Following Up on the ‘Time of Our Lives’ Expo: ‘It’s good to know what’s out there’
July 2017 Committee Report
In November 2016, Home4Good Bayfield hosted an information fair called the ‘Time of Our Lives’ Expo: Products and Services for Vintage Adults for which we received financial support through a seniors’ community grant from the Government of Ontario. The all-day event featured 22 exhibits from area service providers from both the for-profit and not-for-profit sectors (including a registered massage therapist, a foot-care specialist who will make house calls, representatives from area housing organizations for seniors, and a travel company specializing in trips for older adults). In addition, there were presentations throughout the day ranging from how to downsize your home (from a professional organizing service), demonstrations from several exercise groups (including Tai Chi, urban pole walking), entertainment by the local Ukulele society, and a question-and-answer session about the changing role of estate executors. Prizes donated by exhibitors were drawn throughout the day.
Our goal in hosting the event was to build community capacity in the Bayfield area by enabling service providers, volunteers and area seniors and their caregivers to meet one another, exchange information, and learn about the supports available to assist older area residents to age in place successfully. Nearly 200 hundred people took part, including the presenters, people staffing the exhibits, 21 volunteers, and 120 attendees (many of whom, much to our surprise, stayed the entire day!)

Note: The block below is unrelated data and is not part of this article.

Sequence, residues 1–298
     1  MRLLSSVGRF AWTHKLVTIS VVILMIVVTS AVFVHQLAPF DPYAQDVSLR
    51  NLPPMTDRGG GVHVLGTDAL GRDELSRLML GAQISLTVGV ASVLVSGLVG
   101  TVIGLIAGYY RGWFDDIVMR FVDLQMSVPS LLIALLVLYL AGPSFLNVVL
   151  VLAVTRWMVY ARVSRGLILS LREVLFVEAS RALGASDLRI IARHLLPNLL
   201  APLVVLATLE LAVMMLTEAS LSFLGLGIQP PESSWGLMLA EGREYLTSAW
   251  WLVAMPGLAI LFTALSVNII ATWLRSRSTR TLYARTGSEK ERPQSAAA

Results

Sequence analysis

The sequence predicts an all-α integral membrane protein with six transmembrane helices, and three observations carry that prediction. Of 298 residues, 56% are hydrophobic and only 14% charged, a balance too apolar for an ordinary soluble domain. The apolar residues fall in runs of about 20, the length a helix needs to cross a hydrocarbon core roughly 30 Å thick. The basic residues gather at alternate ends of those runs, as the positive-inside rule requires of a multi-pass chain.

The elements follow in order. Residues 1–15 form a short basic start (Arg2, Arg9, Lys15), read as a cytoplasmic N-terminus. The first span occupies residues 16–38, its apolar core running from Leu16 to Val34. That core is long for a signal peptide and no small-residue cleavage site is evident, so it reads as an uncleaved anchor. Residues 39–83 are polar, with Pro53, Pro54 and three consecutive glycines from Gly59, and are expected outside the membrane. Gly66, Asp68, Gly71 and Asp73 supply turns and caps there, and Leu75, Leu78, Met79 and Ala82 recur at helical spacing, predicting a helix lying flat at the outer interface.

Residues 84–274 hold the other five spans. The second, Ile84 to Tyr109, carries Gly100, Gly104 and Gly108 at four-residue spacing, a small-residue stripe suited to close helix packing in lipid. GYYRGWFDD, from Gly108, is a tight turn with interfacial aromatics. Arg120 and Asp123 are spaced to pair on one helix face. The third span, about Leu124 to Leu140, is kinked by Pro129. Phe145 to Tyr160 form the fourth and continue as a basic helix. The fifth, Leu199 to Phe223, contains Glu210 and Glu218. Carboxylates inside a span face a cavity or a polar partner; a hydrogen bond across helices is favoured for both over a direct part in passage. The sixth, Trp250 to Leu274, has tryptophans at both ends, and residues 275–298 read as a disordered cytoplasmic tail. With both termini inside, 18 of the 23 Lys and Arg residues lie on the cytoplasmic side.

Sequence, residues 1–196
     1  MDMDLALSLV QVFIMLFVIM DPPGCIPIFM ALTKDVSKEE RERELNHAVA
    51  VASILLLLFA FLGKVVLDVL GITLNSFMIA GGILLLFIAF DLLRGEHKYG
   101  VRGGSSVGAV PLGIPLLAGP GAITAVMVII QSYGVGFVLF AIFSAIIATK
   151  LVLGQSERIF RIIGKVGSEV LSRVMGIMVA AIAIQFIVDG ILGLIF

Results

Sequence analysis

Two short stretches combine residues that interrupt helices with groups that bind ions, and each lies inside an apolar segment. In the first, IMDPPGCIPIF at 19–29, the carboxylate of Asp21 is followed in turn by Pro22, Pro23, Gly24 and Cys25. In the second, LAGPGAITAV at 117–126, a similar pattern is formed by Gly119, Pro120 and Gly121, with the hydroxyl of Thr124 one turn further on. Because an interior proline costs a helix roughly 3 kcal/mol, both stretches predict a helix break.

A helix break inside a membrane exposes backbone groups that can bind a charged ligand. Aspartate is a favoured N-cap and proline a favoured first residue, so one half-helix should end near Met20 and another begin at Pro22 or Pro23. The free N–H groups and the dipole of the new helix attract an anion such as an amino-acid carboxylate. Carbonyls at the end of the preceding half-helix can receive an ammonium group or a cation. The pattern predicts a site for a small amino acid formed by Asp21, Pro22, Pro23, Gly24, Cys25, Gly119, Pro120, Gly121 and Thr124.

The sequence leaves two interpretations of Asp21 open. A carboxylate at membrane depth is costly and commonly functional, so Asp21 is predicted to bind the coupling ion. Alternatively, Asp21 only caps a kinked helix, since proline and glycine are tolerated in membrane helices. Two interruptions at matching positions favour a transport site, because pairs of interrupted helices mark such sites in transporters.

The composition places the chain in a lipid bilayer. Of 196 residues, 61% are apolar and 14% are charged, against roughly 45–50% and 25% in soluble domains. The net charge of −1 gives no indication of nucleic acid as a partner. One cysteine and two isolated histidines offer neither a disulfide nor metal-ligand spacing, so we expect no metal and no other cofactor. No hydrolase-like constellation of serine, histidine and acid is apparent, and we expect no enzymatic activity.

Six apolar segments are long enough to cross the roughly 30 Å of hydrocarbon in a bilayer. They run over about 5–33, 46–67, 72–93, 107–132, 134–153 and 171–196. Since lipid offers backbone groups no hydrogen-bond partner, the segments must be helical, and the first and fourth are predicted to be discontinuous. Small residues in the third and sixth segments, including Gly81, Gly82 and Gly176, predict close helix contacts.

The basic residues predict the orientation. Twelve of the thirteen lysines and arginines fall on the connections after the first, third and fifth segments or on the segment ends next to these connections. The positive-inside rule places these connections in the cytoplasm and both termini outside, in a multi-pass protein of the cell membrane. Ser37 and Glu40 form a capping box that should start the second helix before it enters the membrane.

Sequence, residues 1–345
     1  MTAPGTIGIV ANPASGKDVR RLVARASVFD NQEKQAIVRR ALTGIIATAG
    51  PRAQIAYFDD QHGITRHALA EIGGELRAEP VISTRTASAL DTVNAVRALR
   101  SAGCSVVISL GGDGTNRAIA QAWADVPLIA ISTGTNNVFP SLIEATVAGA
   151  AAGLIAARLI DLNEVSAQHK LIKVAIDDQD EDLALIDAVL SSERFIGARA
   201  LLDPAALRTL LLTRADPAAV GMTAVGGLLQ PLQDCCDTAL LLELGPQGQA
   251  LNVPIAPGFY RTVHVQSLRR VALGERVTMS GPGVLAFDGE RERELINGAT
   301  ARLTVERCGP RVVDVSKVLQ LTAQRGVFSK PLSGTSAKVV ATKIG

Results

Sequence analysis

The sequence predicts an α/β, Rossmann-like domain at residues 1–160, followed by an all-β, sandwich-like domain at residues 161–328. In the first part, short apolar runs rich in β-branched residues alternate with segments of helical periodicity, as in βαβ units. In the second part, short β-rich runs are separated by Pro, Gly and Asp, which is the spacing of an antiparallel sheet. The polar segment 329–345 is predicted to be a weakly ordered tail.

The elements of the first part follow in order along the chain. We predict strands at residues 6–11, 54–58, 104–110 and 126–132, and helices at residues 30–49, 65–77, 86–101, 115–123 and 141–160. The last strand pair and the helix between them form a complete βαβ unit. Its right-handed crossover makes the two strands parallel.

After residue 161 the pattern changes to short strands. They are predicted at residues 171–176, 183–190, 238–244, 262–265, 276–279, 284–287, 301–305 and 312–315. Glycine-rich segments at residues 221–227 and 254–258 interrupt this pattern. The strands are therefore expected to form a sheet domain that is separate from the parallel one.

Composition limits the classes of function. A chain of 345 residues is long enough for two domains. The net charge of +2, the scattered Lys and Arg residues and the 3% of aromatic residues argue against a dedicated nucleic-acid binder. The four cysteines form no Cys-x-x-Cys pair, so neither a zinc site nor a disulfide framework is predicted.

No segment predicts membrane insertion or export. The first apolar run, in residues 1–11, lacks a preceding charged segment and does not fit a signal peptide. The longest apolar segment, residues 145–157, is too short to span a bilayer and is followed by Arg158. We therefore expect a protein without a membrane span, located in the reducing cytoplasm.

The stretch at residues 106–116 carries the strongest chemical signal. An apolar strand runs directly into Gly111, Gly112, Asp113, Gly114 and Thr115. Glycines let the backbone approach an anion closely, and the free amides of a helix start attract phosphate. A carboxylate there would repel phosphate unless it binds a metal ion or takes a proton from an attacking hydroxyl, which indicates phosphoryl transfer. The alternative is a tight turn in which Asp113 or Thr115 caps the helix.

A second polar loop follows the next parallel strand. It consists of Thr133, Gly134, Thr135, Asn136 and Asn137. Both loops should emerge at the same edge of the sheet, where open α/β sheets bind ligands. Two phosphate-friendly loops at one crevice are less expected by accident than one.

The immediate feedback we received from both attendees and exhibitors was extremely positive. Attendees were given a ballot form for draw prizes when they first arrived at the Expo on which we asked, ‘why did you come to the Expo today?’ The predominant reason given for attending was to obtain information and find out more about what’s going on and available in the village. As people were leaving, they were asked to complete a brief feedback form. Their comments were complimentary, indicating that the event was very informative, well organized and had a ‘fun’ and ‘friendly’ atmosphere. Attendees indicated that they learned a lot about available services, both in terms of clarifying the roles of certain providers and increasing awareness of services that exist in the area.
Seven months following the Expo we undertook an additional follow-up survey to explore whether the connections made by participants who attended the event have had any lasting impact. This brief report is a summary of what we learned from the more than 50 participants who took part in the follow-up.
A Successful Event
Responses to the follow-up survey largely reiterate the feedback we received immediately after the Expo, i.e., both attendees and exhibitors described the event as successful, informative, useful and fun. Indeed, one of the exhibitors told us that she ‘loved’ the Expo and that it was the best of the health information fairs that she’s ever attended. Another described it as ‘wonderful’ and ‘very well run’. The attendees were similarly complimentary, with some describing the day as ‘fabulous’ and ‘well organized’. One woman said, ‘It didn’t seem like a seniors ‘do’. It was really uplifting and it was bright .. you didn’t feel bad about being an older person – it made you feel good’.
Useful Connections, Inspiring Change